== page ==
It is hard to imagine that 10 years ago the furthest thing from my mind and probably anyone else’s mind was that a brazen attack would be launched on the United States. We never imagined that by10 AM the following morning that nearly 3000 Americans would be dead, the World Trade Center Twin Towers would be in ruins, the Pentagon ablaze and a final airliner down in rural Pennsylvania. It was unimaginable but it happened.
As far as potential threats to national security I had my eyes on China and North Korea having just returned from a deployment to Okinawa, Mainland Japan and Korea. During that deployment a Chinese fighter plane forced a Navy P-3C Orion down on Hainan Island and my battalion was alerted for a potential rescue mission. Thank God that never happened. If there was any concern about the Middle Eastit was the continual run-ins that we were having with Iraq and terrorism against American forces in the Middle East such as the suicide bombing of the USS Cole. Despite the atrocities committed by the Taliban and presence of Al Qaeda Afghanistan seemed too remote to be of any real threat to the continental United States.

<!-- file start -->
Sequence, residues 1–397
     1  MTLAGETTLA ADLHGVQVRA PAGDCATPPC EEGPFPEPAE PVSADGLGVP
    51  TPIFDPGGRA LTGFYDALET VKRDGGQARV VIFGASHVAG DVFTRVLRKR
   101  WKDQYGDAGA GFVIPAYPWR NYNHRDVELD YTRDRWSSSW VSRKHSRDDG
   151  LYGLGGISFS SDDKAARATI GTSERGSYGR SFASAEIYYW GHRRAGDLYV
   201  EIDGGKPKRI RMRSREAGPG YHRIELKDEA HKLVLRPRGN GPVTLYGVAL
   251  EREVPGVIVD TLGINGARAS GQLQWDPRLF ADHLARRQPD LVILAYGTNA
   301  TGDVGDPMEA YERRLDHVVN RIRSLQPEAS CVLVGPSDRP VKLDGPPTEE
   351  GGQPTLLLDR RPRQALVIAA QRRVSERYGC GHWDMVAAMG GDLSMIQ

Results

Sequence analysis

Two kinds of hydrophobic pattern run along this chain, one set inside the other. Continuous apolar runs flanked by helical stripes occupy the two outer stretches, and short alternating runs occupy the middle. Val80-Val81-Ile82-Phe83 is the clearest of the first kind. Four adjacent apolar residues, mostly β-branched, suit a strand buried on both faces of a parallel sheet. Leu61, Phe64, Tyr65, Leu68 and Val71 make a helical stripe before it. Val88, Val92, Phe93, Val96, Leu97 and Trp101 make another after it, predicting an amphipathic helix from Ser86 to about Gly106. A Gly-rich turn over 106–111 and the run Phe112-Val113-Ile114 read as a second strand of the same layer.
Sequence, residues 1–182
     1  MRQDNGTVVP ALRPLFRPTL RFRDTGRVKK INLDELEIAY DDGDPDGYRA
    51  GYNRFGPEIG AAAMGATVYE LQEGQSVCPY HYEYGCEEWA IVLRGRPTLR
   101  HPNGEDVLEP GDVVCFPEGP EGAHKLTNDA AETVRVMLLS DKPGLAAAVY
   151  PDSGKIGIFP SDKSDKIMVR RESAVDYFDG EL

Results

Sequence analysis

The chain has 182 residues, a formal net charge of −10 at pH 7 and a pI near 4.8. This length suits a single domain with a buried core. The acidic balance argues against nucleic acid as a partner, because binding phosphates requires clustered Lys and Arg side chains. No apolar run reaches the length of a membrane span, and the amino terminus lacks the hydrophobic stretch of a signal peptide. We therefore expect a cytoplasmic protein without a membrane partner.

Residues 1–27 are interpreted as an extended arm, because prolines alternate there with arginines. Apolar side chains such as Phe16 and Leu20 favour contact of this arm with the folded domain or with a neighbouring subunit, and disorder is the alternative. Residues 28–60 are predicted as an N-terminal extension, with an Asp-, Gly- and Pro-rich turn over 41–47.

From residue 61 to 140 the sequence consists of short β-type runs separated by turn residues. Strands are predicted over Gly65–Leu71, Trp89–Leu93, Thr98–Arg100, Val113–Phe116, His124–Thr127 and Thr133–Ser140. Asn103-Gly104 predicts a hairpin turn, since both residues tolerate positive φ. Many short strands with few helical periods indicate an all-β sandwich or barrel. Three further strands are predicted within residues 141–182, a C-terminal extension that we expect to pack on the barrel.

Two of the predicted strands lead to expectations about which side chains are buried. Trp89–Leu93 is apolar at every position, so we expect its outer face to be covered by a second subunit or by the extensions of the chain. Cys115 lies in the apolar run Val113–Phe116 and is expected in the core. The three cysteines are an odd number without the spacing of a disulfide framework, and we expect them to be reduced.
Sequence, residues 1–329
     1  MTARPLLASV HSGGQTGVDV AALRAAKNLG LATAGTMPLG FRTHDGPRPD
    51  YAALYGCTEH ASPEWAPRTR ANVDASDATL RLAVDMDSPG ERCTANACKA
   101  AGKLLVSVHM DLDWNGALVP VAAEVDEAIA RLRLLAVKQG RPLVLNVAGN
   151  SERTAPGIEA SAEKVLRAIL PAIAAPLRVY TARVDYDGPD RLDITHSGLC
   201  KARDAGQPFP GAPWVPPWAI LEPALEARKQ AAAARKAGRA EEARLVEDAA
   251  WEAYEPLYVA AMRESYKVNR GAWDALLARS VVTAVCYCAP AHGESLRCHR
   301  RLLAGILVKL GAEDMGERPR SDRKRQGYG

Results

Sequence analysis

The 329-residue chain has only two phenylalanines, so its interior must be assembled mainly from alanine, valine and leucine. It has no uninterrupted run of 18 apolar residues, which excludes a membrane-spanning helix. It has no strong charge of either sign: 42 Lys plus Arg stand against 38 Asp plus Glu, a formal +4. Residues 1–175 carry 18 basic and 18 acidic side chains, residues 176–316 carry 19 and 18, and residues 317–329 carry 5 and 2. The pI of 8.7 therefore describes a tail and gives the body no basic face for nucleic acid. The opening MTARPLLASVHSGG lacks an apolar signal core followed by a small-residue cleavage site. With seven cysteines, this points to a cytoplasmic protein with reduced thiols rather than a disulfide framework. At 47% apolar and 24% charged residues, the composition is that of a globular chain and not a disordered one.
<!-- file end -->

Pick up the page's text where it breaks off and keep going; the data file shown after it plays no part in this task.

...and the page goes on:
On September 10th I was the Chaplain for the Headquarters Battalion Second Marine Division at Camp LeJeune North Carolina. I spent that Monday taking care of routine business. I had the usual counseling appointments for Marines dealing with marriage and financial problems and administrative work punctuated by a meeting or two and a nice run. I also spent time working with a couple of underperforming chaplains who had been fired from their battalion chaplain jobs and who assigned to me in the hopes that their careers might be salvaged.
The weather that day was wonderful temperature was 86 degrees at Marine Corps Air Station New River just across the water from LeJeune. That evening Judy and I grabbed a quick bite to eat and hung out with our dogs, our 13 year old fat red Dachshund Greta and our wild child 9 month old Papillion-Dachshund mix Molly. I figure that we spent the evening watching television and or reading and each taking a little time to check e-mail. I was involved with a couple of theological discussion boards and I was in trouble with my old church for an article I had published in a conservative Catholic theological journal. It was amazing how spun up people got on that forum re-fighting theological battles between Anglicanism, Roman Catholicism and Orthodoxy.
That night we went to bed not expecting anything of importance to occur. War seemed far off and a terrorist strike on the centers ofUnited Statesfinancial and military power was unimaginable to us. The thought that the next day would begin a war that would still be going on today was equally unthinkable.
Who knows what tomorrow will bring. I don’t venture to guess except that I pray that no new attackers will succeed in creating any more havoc in our nation or kill anymore of our countrymen. But I have my doubts. To quote Field Marshal Gerd Von Rundstedt when he received the reports of the German disaster in France in September 1944…. “I am not optimistic.”